What is "Squelch" on a wireless receiver?
Blog Posting about Squelch
An circuit that is important to proper receiver behavior is called "squelch" or muting. The function of this circuit is to mute or silence the audio output of the receiver in the absence of the desired radio signal. When the desired signal is lost (due to multi-path dropout, excessive distance, loss of power to the transmitter, etc.) the "open" receiver may pick up another signal or background radio "noise." Typically, this is heard as "white" noise and is often much louder than the audio signal from the desired source.
The traditional squelch circuit is an audio switch controlled by the radio signal level using a fixed or manually adjustable threshold (level). When the received signal strength falls below this level the output of the receiver is muted. Ideally, the squelch level should be set just above the background radio noise level or at the point where the desired signal is becoming too noisy to be acceptable. Higher settings of squelch level require higher received signal strength to unmute the receiver. Since received signal strength decreases as transmission distance increases, higher squelch settings will decrease the operating range of the system.
One refinement of the standard squelch circuit is referred to as "noise squelch." This technique relies on the fact that the audio from undesirable radio noise has a great deal of high frequency energy compared to a typical audio signal. The noise squelch circuit compares the high frequency energy of the received signal to a reference voltage set by the squelch adjustment. In this system the squelch control essentially determines the "quality" of signal (signal-to-noise ratio) required to unmute the receiver. This allows operation at lower squelch settings with no likelihood of noise if the desired signal is lost.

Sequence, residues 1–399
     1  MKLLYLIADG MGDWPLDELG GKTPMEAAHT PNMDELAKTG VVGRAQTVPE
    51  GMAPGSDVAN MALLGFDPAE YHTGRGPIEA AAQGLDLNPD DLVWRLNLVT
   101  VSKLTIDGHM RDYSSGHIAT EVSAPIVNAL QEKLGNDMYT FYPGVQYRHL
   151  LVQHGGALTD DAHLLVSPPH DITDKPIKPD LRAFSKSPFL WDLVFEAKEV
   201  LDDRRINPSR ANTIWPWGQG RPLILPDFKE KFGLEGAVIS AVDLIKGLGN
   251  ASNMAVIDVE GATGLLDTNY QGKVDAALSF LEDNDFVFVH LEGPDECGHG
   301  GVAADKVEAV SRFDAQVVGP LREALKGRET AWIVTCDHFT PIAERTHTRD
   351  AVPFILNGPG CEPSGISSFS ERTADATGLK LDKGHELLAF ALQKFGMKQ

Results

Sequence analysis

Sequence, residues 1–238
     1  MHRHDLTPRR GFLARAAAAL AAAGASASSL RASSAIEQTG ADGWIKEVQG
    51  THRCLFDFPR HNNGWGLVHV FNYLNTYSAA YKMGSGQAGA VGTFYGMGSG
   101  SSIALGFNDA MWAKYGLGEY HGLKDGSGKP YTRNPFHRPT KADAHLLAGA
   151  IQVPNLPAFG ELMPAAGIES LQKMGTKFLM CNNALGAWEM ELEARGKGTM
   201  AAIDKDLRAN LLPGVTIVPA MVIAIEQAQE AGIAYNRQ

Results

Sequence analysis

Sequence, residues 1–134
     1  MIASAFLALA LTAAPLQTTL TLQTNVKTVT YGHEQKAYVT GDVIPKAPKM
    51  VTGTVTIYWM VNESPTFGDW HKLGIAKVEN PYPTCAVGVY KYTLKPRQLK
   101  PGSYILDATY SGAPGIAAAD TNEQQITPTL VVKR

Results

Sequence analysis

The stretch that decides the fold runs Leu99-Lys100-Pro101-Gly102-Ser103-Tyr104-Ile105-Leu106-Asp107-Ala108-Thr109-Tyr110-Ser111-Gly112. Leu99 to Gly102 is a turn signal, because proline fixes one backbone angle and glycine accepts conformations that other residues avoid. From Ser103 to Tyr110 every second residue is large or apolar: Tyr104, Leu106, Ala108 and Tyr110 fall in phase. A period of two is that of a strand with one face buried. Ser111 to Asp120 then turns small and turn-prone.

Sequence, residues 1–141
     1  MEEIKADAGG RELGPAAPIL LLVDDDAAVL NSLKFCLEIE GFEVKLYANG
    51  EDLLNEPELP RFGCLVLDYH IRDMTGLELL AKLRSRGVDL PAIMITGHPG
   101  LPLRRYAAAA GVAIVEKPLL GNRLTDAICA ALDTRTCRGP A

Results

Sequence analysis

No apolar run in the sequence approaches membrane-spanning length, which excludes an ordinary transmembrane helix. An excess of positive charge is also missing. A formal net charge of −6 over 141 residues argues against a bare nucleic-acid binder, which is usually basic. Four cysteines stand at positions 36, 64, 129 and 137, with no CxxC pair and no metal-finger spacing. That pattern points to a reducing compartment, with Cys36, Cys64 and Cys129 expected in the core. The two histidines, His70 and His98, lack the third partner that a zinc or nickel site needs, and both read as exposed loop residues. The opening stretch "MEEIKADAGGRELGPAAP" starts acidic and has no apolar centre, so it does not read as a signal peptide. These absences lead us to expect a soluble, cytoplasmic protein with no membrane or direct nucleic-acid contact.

A further refinement is known as "tone-key" or "tonecode" squelch. It enables the receiver to identify the desired radio signal by means of a supra- or sub-audible tone that is generated in the transmitter and sent along with the normal audio signal. The receiver will unmute only when it picks up a radio signal of adequate strength and also detects the presence of the tone-key. This effectively prevents the possibility of noise from the receiver when the desired transmitter signal is lost, even in the presence of a (non-tone-key) interfering signal at the same frequency.
Turn-on and turn-off delays are incorporated in the transmitter tone-key circuits so that the transmitter power switch operates silently. When the transmitter is switched on, the radio signal is activated immediately but the tonekey is briefly delayed, keeping the receiver muted until the signal is stable. This masks any turn-on noise. When the transmitter is switched off, the tone-key is deactivated instantly, muting the receiver, but actual turn-off of the transmitted signal is delayed slightly. This masks any turnoff noise. As a result, the need for a separate mute switch is eliminated. Finally, the tone-key signal is often used to transmit additional information to the receiver. This may include battery voltage, transmitter audio gain settings, transmitter type, and transmitter power level.